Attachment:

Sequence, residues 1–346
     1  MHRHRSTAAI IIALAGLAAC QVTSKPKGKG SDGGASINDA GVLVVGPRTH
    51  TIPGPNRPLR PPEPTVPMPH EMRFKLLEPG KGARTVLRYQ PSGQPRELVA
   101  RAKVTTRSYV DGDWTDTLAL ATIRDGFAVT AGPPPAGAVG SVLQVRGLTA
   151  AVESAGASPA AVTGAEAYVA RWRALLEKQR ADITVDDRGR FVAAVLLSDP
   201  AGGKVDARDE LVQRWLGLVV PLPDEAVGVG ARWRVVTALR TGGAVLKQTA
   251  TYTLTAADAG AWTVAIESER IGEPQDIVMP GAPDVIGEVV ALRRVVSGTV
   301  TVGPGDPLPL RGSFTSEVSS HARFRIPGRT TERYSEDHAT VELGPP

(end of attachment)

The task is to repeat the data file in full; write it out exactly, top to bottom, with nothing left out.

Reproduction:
Sequence, residues 1–346
     1  MHRHRSTAAI IIALAGLAAC QVTSKPKGKG SDGGASINDA GVLVVGPRTH
    51  TIPGPNRPLR PPEPTVPMPH EMRFKLLEPG KGARTVLRYQ PSGQPRELVA
   101  RAKVTTRSYV DGDWTDTLAL ATIRDGFAVT AGPPPAGAVG SVLQVRGLTA
   151  AVESAGASPA AVTGAEAYVA RWRALLEKQR ADITVDDRGR FVAAVLLSDP
   201  AGGKVDARDE LVQRWLGLVV PLPDEAVGVG ARWRVVTALR TGGAVLKQTA
   251  TYTLTAADAG AWTVAIESER IGEPQDIVMP GAPDVIGEVV ALRRVVSGTV
   301  TVGPGDPLPL RGSFTSEVSS HARFRIPGRT TERYSEDHAT VELGPP